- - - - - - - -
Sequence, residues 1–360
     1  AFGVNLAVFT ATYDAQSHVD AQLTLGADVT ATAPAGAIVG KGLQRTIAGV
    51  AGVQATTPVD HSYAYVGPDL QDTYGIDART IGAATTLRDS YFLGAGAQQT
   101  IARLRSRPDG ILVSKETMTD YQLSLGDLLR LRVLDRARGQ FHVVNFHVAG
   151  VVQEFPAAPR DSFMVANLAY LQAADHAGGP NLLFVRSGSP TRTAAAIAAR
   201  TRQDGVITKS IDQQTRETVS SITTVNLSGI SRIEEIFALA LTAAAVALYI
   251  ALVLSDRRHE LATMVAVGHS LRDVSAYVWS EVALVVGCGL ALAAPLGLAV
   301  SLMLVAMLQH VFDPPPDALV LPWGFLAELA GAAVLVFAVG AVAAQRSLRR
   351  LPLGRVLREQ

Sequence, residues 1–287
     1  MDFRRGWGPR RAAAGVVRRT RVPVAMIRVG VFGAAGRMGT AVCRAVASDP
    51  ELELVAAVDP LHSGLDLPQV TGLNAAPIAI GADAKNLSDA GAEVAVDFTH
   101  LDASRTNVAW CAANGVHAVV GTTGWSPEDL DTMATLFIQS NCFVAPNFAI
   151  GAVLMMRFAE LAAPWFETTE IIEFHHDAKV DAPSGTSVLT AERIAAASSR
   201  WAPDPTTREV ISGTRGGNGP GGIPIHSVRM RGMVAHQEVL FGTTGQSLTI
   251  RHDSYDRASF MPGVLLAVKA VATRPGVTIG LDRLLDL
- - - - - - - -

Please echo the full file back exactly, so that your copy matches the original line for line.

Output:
Sequence, residues 1–360
     1  AFGVNLAVFT ATYDAQSHVD AQLTLGADVT ATAPAGAIVG KGLQRTIAGV
    51  AGVQATTPVD HSYAYVGPDL QDTYGIDART IGAATTLRDS YFLGAGAQQT
   101  IARLRSRPDG ILVSKETMTD YQLSLGDLLR LRVLDRARGQ FHVVNFHVAG
   151  VVQEFPAAPR DSFMVANLAY LQAADHAGGP NLLFVRSGSP TRTAAAIAAR
   201  TRQDGVITKS IDQQTRETVS SITTVNLSGI SRIEEIFALA LTAAAVALYI
   251  ALVLSDRRHE LATMVAVGHS LRDVSAYVWS EVALVVGCGL ALAAPLGLAV
   301  SLMLVAMLQH VFDPPPDALV LPWGFLAELA GAAVLVFAVG AVAAQRSLRR
   351  LPLGRVLREQ

Sequence, residues 1–287
     1  MDFRRGWGPR RAAAGVVRRT RVPVAMIRVG VFGAAGRMGT AVCRAVASDP
    51  ELELVAAVDP LHSGLDLPQV TGLNAAPIAI GADAKNLSDA GAEVAVDFTH
   101  LDASRTNVAW CAANGVHAVV GTTGWSPEDL DTMATLFIQS NCFVAPNFAI
   151  GAVLMMRFAE LAAPWFETTE IIEFHHDAKV DAPSGTSVLT AERIAAASSR
   201  WAPDPTTREV ISGTRGGNGP GGIPIHSVRM RGMVAHQEVL FGTTGQSLTI
   251  RHDSYDRASF MPGVLLAVKA VATRPGVTIG LDRLLDL